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How do non church-goers get their children Christened?

(42 Posts)
StarlightMcKenzie Sun 29-Sep-13 00:10:23

Just that really. Moved to a new area (again) and I we are planning on settling here now. Woukd like to get our baby christened as he's already walking and chosen God Parents are about to give up on us.

Never were big church goers but tend to spend a couple of years dipping in and out of various ones before we get a regular (didn't mean it to sound so similar to going to the pub. Sorry).

But I don't want to wait that long and I'm beginning to feel Gods impatience.

QuintessentialShadows Sun 29-Sep-13 21:13:24

Was it not introduced as an alternative to circumcision?

mnistooaddictive Sun 29-Sep-13 21:03:04

Christening isn't biblical it was introduced when childhood mortality was high and I believe it was based in a misunderstanding of the bible. The bible talks about baptism of adults.

StarlightMcKenzie Sun 29-Sep-13 21:02:25

Otherwise why would the vicar at a hospice 200 miles from where we live have offered to do it?

And how does it work for travellers and other people (like us) who have had to move so much.

StarlightMcKenzie Sun 29-Sep-13 20:57:43

No it isn't. It is about being welcomed into the Christian Family.

nooka Sun 29-Sep-13 20:47:45

Starlight getting christened is about being welcomed into the church community, so it's not really that odd for a church to feel that the families of those getting christened to make some sort of commitment before the ceremony. I would suspect that these 'rules' are n place simply to put off people who are purely getting their children christened in order to have the certificate for a preferred school, or for an excuse for a party.

I'm an atheist so neither of my children are christened (although my mother finds that sad and my sister and brother in law would perform the ceremony no doubt). It is an important ceremony with fairly serious vows and should not I think be taken as lightly as many parents seem to.

StarlightMcKenzie Sun 29-Sep-13 20:44:07

Because I feel a duty to my 3rd child to not be the only member of my family not Christened and risk him believe that neither he nor being a Christian is important.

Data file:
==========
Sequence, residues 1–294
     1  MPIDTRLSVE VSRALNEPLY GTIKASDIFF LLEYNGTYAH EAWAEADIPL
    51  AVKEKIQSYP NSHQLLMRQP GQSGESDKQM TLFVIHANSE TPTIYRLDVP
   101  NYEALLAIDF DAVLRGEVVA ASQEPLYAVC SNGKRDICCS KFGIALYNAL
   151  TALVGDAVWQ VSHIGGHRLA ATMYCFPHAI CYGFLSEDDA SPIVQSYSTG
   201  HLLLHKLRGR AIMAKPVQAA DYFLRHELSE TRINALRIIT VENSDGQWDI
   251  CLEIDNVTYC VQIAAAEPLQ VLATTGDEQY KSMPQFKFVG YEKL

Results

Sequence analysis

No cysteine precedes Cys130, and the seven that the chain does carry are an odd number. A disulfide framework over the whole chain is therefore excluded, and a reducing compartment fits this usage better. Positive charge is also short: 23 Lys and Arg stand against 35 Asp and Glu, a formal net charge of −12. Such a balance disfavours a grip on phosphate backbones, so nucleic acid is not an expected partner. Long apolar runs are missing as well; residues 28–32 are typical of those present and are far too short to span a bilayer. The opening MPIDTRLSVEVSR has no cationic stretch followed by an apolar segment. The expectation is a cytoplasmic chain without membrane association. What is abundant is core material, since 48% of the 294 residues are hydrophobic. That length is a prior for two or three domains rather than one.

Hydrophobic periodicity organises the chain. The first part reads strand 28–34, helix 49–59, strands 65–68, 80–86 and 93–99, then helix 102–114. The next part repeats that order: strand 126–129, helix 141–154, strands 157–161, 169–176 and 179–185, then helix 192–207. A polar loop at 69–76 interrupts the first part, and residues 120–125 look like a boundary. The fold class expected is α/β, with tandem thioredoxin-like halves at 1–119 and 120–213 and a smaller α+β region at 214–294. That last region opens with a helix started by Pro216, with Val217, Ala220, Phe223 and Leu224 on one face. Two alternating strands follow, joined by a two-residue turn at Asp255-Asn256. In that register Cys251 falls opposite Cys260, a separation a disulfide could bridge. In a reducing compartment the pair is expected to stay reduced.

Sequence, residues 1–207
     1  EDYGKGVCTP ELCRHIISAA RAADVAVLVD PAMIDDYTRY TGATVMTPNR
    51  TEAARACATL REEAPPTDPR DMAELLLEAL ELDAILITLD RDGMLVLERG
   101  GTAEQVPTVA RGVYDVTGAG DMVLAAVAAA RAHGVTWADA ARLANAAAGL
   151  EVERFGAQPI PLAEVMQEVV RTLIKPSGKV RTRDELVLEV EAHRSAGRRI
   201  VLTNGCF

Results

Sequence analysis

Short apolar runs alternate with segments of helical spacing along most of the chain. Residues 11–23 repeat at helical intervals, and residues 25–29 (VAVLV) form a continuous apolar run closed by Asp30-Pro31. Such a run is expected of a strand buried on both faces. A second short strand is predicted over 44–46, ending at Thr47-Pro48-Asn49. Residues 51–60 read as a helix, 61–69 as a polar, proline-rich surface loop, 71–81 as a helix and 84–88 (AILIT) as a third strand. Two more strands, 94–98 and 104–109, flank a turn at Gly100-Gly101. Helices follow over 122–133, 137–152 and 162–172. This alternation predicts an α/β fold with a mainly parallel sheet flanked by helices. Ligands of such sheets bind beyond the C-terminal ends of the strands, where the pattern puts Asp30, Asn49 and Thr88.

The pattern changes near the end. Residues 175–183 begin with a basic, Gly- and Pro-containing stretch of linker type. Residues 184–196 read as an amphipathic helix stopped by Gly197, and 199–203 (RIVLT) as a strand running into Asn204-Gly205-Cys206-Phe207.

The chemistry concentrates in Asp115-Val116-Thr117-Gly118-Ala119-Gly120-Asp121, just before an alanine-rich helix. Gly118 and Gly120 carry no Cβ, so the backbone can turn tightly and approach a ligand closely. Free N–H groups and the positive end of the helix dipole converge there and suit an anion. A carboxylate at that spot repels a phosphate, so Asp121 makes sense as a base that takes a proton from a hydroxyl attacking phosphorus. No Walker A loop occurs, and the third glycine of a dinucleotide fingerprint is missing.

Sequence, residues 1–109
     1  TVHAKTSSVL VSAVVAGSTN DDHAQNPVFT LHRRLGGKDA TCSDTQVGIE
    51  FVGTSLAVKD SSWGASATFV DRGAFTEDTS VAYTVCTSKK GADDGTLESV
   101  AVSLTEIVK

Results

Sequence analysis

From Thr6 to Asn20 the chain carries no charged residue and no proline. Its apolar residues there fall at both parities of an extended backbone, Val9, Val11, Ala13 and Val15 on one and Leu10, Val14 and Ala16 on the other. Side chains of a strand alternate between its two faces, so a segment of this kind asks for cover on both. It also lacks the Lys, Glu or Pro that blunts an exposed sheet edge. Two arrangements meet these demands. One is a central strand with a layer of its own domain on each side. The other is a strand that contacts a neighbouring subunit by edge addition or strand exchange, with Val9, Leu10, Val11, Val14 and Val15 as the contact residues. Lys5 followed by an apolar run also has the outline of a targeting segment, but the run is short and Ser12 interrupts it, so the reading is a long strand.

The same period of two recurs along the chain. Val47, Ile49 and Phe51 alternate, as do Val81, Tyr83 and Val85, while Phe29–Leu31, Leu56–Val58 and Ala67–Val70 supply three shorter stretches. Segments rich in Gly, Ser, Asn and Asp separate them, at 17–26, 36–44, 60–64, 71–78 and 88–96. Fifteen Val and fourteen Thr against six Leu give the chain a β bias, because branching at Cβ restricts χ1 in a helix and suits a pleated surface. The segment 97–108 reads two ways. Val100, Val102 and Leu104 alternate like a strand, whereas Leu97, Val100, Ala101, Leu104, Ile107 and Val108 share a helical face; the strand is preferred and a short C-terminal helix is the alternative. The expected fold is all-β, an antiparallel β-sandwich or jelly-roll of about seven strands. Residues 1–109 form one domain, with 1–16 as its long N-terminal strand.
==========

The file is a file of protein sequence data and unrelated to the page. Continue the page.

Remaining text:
StarlightMcKenzie Sun 29-Sep-13 20:40:41

I will set foot in a church again. I hope one day to find the right one, get over some of the aspects of going to church that panic me and make my peace with God enough to mean what I say in the liturgy.

I would however, go under sufferance for a vicar who insisted I attended and feel I'd 'done time' as payment for their services and feel relieved of my obligations thereafter.

QuintessentialShadows Sun 29-Sep-13 20:27:53

I think they are both disillusioned by the Catholic church, but Christian if you see what I mean.

QuintessentialShadows if your friends came to my church of course I would welcome them. If they wanted their child baptised into the Church of England then yes that could happen but changing denominations is a big thing to do so there would be more to talk about in baptism preparation.

QuintessentialShadows Sun 29-Sep-13 20:18:40

My mother had a right panic about my children, she firmly believed God would not know them, and not love them until they had been baptized. And if they were to die before baptizm, they would be condemned in the same way as a non-believer. confused hmm

Most people of the same school of Lutheran (Læstadian) faith as her believed similar which is why they had a habit of popping into the hospital chapel for the Christening on the way out! No ceremony and no celebration, just a quickie for the road!

birdybear Sun 29-Sep-13 20:15:34

What is about your attendance at church op ? I really don't understand why you want them christened but Will never set foot in the church again after? Why not? What makes you think God is getting impatient with you? I am very confused as to what you believe.

God couldn't give a monkeys whether someone is christened, dedicated, baptised or what. What God wants is a relationship with you, where you accept his love and have a relationship with him. Traditions are not important.

QuintessentialShadows Sun 29-Sep-13 20:13:06

If they were in your parish, hypothetically speaking

QuintessentialShadows Sun 29-Sep-13 20:12:44

thegreenheartofmanyroundabouts Really?

So, you would baptize my friends child?
He is a divorced Catholic.
His new partner (also Catholic in name at least) is married still - they are working on an amicable divorce.